In essence, we compute f = x - i * log(2)high - i * log(2)low. This reduced argument is passed into the core approximation, which is a polynomial minimax approximation, and the result is scaled by 2i as in the previous answer.

#include <immintrin.h>

#define USE_FMA 0

/* compute exp(x) for x in [-87.33654f, 88.72283] 
   maximum relative error: 3.1575e-6 (USE_FMA = 0); 3.1533e-6 (USE_FMA = 1)
*/
__m256 faster_more_accurate_exp_avx2 (__m256 x)
{
    __m256 t, f, p, r;
    __m256i i, j;

    const __m256 l2e = _mm256_set1_ps (1.442695041f); /* log2(e) */
    const __m256 l2h = _mm256_set1_ps (-6.93145752e-1f); /* -log(2)_hi */
    const __m256 l2l = _mm256_set1_ps (-1.42860677e-6f); /* -log(2)_lo */
    /* coefficients for core approximation to exp() in [-log(2)/2, log(2)/2] */
    const __m256 c0 =  _mm256_set1_ps (0.041944388f);
    const __m256 c1 =  _mm256_set1_ps (0.168006673f);
    const __m256 c2 =  _mm256_set1_ps (0.499999940f);
    const __m256 c3 =  _mm256_set1_ps (0.999956906f);
    const __m256 c4 =  _mm256_set1_ps (0.999999642f);

    /* exp(x) = 2^i * e^f; i = rint (log2(e) * x), f = x - log(2) * i */
    t = _mm256_mul_ps (x, l2e);      /* t = log2(e) * x */
    r = _mm256_round_ps (t, _MM_FROUND_TO_NEAREST_INT | _MM_FROUND_NO_EXC); /* r = rint (t) */

#if USE_FMA
    f = _mm256_fmadd_ps (r, l2h, x); /* x - log(2)_hi * r */
    f = _mm256_fmadd_ps (r, l2l, f); /* f = x - log(2)_hi * r - log(2)_lo * r */
#else // USE_FMA
    p = _mm256_mul_ps (r, l2h);      /* log(2)_hi * r */
    f = _mm256_add_ps (x, p);        /* x - log(2)_hi * r */
    p = _mm256_mul_ps (r, l2l);      /* log(2)_lo * r */
    f = _mm256_add_ps (f, p);        /* f = x - log(2)_hi * r - log(2)_lo * r */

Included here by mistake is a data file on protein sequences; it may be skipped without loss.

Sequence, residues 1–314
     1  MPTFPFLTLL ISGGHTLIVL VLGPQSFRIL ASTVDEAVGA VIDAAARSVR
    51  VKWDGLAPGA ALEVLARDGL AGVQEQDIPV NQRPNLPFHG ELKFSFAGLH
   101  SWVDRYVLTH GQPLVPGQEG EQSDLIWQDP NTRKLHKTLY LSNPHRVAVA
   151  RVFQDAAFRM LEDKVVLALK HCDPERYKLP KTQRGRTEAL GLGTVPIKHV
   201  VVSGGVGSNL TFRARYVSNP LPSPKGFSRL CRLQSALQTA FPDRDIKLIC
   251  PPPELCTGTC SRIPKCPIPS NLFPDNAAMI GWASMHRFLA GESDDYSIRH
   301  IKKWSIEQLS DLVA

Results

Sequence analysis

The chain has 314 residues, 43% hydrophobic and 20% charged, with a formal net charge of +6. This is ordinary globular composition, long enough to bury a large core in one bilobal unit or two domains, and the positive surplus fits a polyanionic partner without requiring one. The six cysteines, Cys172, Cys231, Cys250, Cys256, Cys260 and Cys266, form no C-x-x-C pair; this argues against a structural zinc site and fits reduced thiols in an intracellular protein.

#endif // USE_FMA

    i = _mm256_cvtps_epi32(t);       /* i = (int)rint(t) */

    /* p ~= exp (f), -log(2)/2 <= f <= log(2)/2 */
    p = c0;                          /* c0 */
#if USE_FMA
    p = _mm256_fmadd_ps (p, f, c1);  /* c0*f+c1 */
    p = _mm256_fmadd_ps (p, f, c2);  /* (c0*f+c1)*f+c2 */
    p = _mm256_fmadd_ps (p, f, c3);  /* ((c0*f+c1)*f+c2)*f+c3 */
    p = _mm256_fmadd_ps (p, f, c4);  /* (((c0*f+c1)*f+c2)*f+c3)*f+c4 ~= exp(f) */
#else // USE_FMA
    p = _mm256_mul_ps (p, f);        /* c0*f */
    p = _mm256_add_ps (p, c1);       /* c0*f+c1 */
    p = _mm256_mul_ps (p, f);        /* (c0*f+c1)*f */
    p = _mm256_add_ps (p, c2);       /* (c0*f+c1)*f+c2 */
    p = _mm256_mul_ps (p, f);        /* ((c0*f+c1)*f+c2)*f */
    p = _mm256_add_ps (p, c3);       /* ((c0*f+c1)*f+c2)*f+c3 */
    p = _mm256_mul_ps (p, f);        /* (((c0*f+c1)*f+c2)*f+c3)*f */
    p = _mm256_add_ps (p, c4);       /* (((c0*f+c1)*f+c2)*f+c3)*f+c4 ~= exp(f) */
#endif // USE_FMA

    /* exp(x) = 2^i * p */
    j = _mm256_slli_epi32 (i, 23); /* i << 23 */
    r = _mm256_castsi256_ps (_mm256_add_epi32 (j, _mm256_castps_si256 (p))); /* r = p * 2^i */

    return r;
}

If higher accuracy is required, the degree of the polynomial approximation can be bumped up by one, using the following set of coefficients:

/* maximum relative error: 1.7428e-7 (USE_FMA = 0); 1.6586e-7 (USE_FMA = 1) */
const __m256 c0 =  _mm256_set1_ps (0.008301110f);
const __m256 c1 =  _mm256_set1_ps (0.041906696f);
const __m256 c2 =  _mm256_set1_ps (0.166674897f);
const __m256 c3 =  _mm256_set1_ps (0.499990642f);
const __m256 c4 =  _mm256_set1_ps (0.999999762f);
const __m256 c5 =  _mm256_set1_ps (1.000000000f);
Serge Rogatch

You can approximate the exponent yourself with Taylor series:

exp(z) = 1 + z + pow(z,2)/2 + pow(z,3)/6 + pow(z,4)/24 + ...

For that you need only addition and multiplication operations from AVX. Coefficients like 1/2, 1/6, 1/24 etc. are faster if hard-coded and then multiplied by rather than divided.

Take as many members of the sequence as required by your precision. Note that you will get relative error: for small z it may be 1e-6 in the absolute, but for large z it will be more than 1e-6 in the absolute, still abs(E-E1)/abs(E) - 1 is smaller than 1e-6 (where E is the precise exponent and E1 is what you get with approximation).

UPDATE: As @Peter Cordes has mentioned in a comment, precision can be improved by separating exponentiation of integer and fractional parts, handling the integer part by manipulating the exponent field of the binary float representation (which is based on 2^x, not e^x). Then your Taylor series only has to minimize error over a small range.